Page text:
Setting up an Obeya Room
The Lean technique of an Obeya room is much like other Lean strategies in that it encourages collaboration, interaction, and adding a human touch to the manufacturing process for a more efficient facility. Translated from Japanese, Obeya means “the big room,” but it has also been referred to as the war room, the command center, and the brain of the facility. This room offers a physical, visual space to problem solve and generate ideas between leadership, management, planners, and other employees. Most people are visual learners, and Obeya is a heavily-visual project management tool.
If you’ve managed projects before, you’ve probably seen your fair share of uncompleted projects. An Obeya room aims to not only ensure projects are finished, but also get leadership involved in the process, which fosters communication between departments.
The best decisions are well-thought out decisions, and a crucial component of the Obeya is displaying the right kind of information. Now, this doesn’t mean you can just throw up anything project-related onto the walls and hope decisions are made. You will want to identify what will be worked on in the room; it could be anything from product development to planning an event. The goal here is to be specific.
Think of your Obeya room like the PDCA (plan, do, check, act) cycle; information, ideas, and plans should be arranged on the wall accordingly.
Plan – Relevant information: Choosing the relevant information to display is a crucial step. All too often projects lose momentum or fail because those working on it get stuck weeding insignificant or unrelated data. It’s important to focus on relevant information to keep the project flowing and reduce the risk of a failed project.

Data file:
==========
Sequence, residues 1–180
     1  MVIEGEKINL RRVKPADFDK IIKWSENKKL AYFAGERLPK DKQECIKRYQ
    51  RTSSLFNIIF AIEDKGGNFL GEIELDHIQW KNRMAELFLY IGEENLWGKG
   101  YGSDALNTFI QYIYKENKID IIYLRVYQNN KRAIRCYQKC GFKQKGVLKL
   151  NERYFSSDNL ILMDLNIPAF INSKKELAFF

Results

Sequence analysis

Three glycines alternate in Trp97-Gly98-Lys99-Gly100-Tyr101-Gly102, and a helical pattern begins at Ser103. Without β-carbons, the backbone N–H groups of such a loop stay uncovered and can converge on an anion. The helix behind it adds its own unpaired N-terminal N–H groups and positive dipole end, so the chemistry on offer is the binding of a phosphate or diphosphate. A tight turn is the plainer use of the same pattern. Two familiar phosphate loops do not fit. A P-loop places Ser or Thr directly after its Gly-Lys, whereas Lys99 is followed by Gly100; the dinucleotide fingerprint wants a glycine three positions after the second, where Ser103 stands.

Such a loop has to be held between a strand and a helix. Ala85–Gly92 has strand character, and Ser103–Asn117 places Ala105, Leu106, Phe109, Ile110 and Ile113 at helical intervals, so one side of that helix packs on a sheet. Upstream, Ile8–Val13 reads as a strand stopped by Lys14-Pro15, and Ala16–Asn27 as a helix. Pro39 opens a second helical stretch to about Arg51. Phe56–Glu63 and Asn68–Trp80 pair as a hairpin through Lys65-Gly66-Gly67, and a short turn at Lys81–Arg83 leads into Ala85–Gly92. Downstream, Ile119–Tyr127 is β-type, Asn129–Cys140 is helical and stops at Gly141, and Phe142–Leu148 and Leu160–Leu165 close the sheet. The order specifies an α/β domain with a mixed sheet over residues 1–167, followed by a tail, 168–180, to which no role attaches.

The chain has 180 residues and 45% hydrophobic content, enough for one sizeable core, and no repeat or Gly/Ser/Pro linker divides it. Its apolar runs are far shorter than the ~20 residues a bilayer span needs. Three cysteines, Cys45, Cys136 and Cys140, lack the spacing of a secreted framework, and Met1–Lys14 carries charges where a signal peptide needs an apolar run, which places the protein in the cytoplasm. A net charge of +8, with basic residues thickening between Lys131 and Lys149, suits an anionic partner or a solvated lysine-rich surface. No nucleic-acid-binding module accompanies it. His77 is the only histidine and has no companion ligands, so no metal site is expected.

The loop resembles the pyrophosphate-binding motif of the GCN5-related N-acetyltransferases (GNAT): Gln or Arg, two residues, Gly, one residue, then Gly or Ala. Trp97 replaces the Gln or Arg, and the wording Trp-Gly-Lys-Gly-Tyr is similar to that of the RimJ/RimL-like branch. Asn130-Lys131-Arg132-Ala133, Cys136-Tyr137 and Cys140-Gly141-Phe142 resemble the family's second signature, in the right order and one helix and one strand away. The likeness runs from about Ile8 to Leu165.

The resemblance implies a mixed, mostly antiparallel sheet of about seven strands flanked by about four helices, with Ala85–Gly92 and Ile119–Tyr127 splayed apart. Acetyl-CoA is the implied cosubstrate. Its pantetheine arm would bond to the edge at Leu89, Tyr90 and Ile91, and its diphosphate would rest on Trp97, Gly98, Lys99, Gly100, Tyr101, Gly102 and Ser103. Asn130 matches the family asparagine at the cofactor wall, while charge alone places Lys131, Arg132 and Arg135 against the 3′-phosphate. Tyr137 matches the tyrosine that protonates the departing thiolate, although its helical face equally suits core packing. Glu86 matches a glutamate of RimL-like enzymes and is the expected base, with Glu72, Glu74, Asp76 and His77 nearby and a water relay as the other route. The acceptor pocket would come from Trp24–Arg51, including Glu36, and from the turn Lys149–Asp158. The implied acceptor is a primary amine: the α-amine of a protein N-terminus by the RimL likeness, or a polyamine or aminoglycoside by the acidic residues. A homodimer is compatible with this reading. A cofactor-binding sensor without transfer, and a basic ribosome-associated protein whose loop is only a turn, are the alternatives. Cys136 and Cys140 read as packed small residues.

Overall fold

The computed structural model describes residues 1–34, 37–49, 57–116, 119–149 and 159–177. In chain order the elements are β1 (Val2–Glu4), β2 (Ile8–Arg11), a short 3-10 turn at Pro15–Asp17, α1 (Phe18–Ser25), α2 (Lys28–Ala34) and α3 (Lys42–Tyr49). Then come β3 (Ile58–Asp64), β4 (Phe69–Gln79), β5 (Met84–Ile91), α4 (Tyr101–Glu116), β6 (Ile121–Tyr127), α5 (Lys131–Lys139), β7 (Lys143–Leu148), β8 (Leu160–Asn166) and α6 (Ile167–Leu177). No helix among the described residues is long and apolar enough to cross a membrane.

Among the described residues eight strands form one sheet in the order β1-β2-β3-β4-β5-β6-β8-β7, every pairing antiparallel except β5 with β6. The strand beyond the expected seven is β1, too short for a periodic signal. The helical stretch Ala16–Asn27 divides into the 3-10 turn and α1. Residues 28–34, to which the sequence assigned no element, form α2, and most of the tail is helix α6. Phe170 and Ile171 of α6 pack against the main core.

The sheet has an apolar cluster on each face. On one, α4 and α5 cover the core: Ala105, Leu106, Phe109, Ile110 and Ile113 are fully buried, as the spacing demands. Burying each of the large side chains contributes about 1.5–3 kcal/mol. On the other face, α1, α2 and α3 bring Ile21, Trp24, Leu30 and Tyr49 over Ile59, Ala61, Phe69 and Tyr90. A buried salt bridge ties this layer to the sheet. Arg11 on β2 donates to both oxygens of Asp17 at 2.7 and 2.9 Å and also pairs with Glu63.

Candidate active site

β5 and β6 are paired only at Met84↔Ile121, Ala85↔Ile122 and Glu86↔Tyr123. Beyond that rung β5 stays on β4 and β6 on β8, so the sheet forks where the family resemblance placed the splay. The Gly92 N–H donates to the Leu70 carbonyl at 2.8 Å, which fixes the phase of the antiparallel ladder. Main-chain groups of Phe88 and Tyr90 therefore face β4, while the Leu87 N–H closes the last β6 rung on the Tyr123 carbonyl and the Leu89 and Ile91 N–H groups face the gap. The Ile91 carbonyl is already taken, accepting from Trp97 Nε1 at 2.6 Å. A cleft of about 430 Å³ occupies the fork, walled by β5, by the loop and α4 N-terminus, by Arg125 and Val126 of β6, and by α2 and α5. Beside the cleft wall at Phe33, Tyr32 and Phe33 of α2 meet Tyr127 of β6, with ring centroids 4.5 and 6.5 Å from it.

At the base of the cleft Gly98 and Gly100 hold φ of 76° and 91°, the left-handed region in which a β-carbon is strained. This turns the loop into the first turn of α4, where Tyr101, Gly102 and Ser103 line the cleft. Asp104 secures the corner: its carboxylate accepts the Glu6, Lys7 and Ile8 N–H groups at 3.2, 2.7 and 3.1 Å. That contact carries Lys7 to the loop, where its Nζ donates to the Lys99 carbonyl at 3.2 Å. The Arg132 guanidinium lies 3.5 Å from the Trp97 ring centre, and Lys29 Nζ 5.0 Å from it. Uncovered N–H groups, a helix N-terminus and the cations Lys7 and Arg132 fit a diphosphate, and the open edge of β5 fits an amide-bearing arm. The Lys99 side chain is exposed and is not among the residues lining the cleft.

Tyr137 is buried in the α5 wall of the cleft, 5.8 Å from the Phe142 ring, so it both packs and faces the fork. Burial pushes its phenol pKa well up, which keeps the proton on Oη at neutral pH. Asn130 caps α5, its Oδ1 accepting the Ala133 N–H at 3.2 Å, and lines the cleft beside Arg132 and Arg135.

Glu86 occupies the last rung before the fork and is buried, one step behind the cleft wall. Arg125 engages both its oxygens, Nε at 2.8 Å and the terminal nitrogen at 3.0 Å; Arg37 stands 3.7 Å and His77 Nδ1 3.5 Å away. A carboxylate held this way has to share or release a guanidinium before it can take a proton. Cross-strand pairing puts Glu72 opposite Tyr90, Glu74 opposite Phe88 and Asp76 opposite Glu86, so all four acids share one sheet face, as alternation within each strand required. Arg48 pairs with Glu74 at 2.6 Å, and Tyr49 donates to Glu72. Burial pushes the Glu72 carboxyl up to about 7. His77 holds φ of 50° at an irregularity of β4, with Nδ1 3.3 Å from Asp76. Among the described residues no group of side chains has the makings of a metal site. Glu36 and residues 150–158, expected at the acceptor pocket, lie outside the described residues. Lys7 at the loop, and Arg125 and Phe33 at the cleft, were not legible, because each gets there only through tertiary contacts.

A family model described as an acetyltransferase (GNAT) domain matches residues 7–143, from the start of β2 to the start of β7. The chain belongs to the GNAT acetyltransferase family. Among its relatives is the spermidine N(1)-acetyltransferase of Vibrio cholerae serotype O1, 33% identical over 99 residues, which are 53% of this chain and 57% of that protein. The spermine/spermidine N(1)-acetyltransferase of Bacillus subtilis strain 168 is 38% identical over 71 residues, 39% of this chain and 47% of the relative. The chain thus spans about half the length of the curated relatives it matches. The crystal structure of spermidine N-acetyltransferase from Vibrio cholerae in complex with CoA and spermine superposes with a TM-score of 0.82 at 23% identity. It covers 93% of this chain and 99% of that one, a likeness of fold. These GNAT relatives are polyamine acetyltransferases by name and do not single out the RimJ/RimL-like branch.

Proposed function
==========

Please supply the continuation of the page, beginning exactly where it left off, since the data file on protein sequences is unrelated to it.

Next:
Do – Ideas and schedule: This is where you will generate ideas and designate actions. Ideas should be created as a collaborative effort and posted on the walls for everyone to see. A plan of action based off these ideas should be enacted and can be displayed on the wall in calendars, custom tables, schedules, etc.
Check – Data: While implementing the actions from the previous step, record data that is relevant to your goal, and be creative! Be sure to emphasize the visual aspect of an Obeya and display this information in charts, bar graphs, line graphs, pie charts, and more. Displaying results can help managers and leaders identify trends while keeping departments on the same page.
Act-Evaluation: This step will be an evaluation of results, feedback, and an open conversation of self-evaluation. Identify the positive outcomes and be sure to implement the steps that led to them in future projects.
Having materials arranged in a logical flow like the PDCA cycle allows information to be readily available to everyone. In the case that a new leader or team member is added into the decision-making process part way through, they can easily dive right in.
If the Obeya concept and plastering the walls with information seems way out of our league, it’s not! Here are some tips that will guide you through your first room, and will get you on track to complete another project:
• Customize your white boards: White boards really are a blank slate so consider adding vinyl chart tape to create custom tables, calendars, charts, lists, and more.
• Color code: The best part of organizing! Consider assigning colors to certain tasks, types of waste, or anything you want to categorize.
• Utilize other tools of Lean: Go on frequent Gemba walks to track your progress, create spaghetti diagrams, and value-stream maps as visual tools to hang up in the Obeya.
Setting up an Obeya can fuel a new level of creativity, and the effects of having a well-organized and visually appealing space will shift your facility to a Lean facility quickly and effectively. An Obeya is the perfect space for fostering collaboration and efficient project management and problem-solving skills.